As we’ve noted in previous blog posts, assisted living and nursing home care can be expensive. The Pennsylvania Health Care Association (PHCA) reports that the average annual cost of assisted living is nearly $40,000, while yearly expenditures for nursing home care are closer to $110,000. For most families and senior citizens, these sorts of expenses are simply not affordable. If your parent or grandparent needs professional supervision, but you can’t afford to pay for elder care services, what should you do? In this article, nursing home abuse attorney Brent Wieand will go over some of the financial options that may be available to help pay for the costs of senior care, and will explain seniors’ legal rights when it comes to how nursing homes can (and can’t) use resident funds.
Qualifying and Applying for Medicare and Medicaid
We have written extensively about Medicare and Medicaid coverage for nursing homes in the past. Essentially, while there are no laws mandating that each and every facility accept Medicare and/or Medicaid, the majority of facilities do accept one or both forms of payment. (On an important side note, facilities which elect to accept Medicaid and/or Medicare payments must obey the provisions of the Federal Nursing Home Reform Act, or FNHRA. The FNHRA outlines federal standards for quality of elder care, in plain language designed to be easily understood by any reader.)
In its analysis of Pennsylvania elder care costs, the PHCA found that just under 50% of residents paid via Medicaid, while another 23% paid via Medicare, meaning that together, they accounted for about 70% of patients. However, that still leaves an additional 23% who paid out-of-pocket (in addition to another 7% who paid with either Veterans’ benefits, state benefits, or private health insurance).
If you cannot cover the cost of nursing home care on an out-of-pocket basis, it is worth examining whether your loved one could be eligible for Medicare or Medicaid. Most senior citizens (aged 65 or older) automatically qualify for Medicare, provided they are legal U.S. residents and have worked in the past, while Medicaid is available to many low-income individuals.
You can apply for Medicaid online through COMPASS, a service offered through the Pennsylvania Department of Human Services. You can also apply for Medicaid in person by visiting your local field office. Field office locations include the following:
Berks County Assistance Office
Reading State Office Building
625 Cherry St.
Reading, PA 19602
Bucks County Assistance Office
1214 Veterans Hwy.
Bristol, PA 19007
Delaware County Assistance Office Headquarters
701 Crosby St.
Chester, PA 19013
Philadelphia County Assistance Office Headquarters
801 Market St.
Philadelphia, PA 19107
Montgomery County Assistance Office
1931 New Hope St.
Norristown, PA 19401
Please refer to the County Assistance Office for a full list of local office locations where you may apply.
Nursing Home Residents’ Financial Rights
Unfortunately, nursing homes can and will evict patients who stop paying for services rendered by the home, including the cost of admission. However, like private landlords who hold residential properties, nursing homes must comply with various laws and regulations throughout each stage of eviction proceedings. It is not unheard of for care facilities to deviate from state and federal laws in an attempt to minimize their own financial losses — to the extreme detriment of the resident and his or her family.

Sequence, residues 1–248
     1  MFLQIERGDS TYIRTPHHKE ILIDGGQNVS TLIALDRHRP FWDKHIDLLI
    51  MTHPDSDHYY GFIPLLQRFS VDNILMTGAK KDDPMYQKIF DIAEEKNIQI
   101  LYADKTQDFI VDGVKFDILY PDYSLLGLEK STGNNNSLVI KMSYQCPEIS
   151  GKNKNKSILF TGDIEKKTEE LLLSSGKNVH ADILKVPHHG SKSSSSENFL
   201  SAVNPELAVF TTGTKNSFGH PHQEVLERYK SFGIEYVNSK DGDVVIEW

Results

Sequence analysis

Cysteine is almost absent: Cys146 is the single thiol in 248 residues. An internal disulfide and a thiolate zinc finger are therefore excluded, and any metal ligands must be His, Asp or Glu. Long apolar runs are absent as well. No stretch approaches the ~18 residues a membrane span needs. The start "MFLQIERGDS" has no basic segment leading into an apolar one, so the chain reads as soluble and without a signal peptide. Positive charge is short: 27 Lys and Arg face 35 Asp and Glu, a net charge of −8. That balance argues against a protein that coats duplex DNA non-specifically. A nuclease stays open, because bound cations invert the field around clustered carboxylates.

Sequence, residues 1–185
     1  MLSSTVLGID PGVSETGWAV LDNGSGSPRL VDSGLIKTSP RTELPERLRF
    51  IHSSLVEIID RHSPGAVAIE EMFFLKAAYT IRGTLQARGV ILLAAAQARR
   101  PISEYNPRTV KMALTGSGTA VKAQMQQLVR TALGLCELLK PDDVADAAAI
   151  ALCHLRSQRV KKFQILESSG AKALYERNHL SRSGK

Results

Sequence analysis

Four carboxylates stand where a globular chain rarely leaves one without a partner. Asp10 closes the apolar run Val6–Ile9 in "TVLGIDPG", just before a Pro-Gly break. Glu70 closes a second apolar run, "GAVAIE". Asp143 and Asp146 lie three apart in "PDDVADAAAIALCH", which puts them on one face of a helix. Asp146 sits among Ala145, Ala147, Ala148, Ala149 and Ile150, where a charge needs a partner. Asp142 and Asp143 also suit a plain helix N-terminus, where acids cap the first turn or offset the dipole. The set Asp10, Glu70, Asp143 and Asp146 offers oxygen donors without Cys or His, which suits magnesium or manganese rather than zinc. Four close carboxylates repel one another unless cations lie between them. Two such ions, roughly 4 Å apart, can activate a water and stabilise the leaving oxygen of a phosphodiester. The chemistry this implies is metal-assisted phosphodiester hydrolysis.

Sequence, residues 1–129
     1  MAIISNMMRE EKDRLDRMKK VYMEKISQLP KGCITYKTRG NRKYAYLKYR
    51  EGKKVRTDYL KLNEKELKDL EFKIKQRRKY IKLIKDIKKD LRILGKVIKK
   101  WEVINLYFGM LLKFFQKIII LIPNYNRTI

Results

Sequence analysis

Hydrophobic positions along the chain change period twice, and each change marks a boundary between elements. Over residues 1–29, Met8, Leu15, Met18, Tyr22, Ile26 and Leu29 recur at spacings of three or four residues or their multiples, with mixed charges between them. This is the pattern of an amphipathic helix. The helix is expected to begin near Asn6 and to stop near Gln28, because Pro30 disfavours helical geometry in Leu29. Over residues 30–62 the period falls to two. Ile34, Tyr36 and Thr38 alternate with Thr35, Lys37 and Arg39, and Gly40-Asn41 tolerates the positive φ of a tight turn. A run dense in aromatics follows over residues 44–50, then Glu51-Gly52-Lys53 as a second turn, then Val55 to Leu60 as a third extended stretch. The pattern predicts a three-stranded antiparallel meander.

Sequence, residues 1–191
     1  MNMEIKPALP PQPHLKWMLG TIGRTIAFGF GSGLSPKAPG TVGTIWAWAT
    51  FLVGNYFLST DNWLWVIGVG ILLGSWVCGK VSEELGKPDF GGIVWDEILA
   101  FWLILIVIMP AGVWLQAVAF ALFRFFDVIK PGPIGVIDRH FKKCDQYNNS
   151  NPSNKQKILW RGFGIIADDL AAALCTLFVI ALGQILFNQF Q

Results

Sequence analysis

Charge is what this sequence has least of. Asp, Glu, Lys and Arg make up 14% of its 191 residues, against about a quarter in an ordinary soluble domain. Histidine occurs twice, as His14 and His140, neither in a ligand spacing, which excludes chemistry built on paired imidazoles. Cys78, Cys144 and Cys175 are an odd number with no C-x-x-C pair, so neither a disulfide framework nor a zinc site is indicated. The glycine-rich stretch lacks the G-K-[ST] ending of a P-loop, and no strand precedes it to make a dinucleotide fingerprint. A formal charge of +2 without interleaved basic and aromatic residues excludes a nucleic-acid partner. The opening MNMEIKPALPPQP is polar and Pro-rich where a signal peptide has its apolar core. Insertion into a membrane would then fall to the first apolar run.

Sometimes, these cost-cutting measures are actually preemptive rather than reactionary. For example, it is common for homes to try and force residents to sign pre-dispute arbitration agreements upon admission which are almost always unfavorable to consumer. These agreements are designed to block personal injury victims and their loved ones from initiating legal actions in the future. It is important to know that you are not required to sign an arbitration agreement as a prerequisite to admission at a nursing home.
Use and treatment of residents’ funds is addressed by 42 CFR §483.10, the section of the Code of Federal Regulations which deals with residents’ rights. In accordance with 42 CFR §483.10(c)(8), which specifically addresses the protection of resident funds, “The facility may not impose a charge against the personal funds of a resident for any item or service for which payment is made under Medicaid or Medicare (except for applicable deductible and coinsurance amounts).”
In accordance with 42 CFR §483.10(c)(i), all of the following items and services are covered by Medicare and Medicaid:
- Room and bed maintenance.
- Nursing services.
- Dietary services.
- “Personal hygiene items and services” (e.g. toothbrushes, deodorant, towels).
In addition, 42 CFR §483.10(b)(i) provides that homes must “inform each resident who is entitled to Medicaid benefits, in writing, at the time of admission to the nursing facility.” Moreover, 42 CFR §483.10(c)(1) and 42 CFR §483.10(c)(2) provide the following, respectively:
- “The resident has the right to manage his or her financial affairs, and the facility may not require residents to deposit their personal funds with the facility.”
- “Upon written authorization of a resident, the facility must hold, safeguard, manage, and account for the personal funds of the resident deposited with the facility.”
If you’re concerned that a nursing home resident’s legal rights are being violated, or if you’re worried your loved one may be a victim of financial exploitation, elder abuse, or caregiver neglect, nursing home injury lawyer Brent Wieand may be able to help. If you’d like to talk about your situation in a free and completely confidential legal consultation, call Brent right away at (800) 481-5206.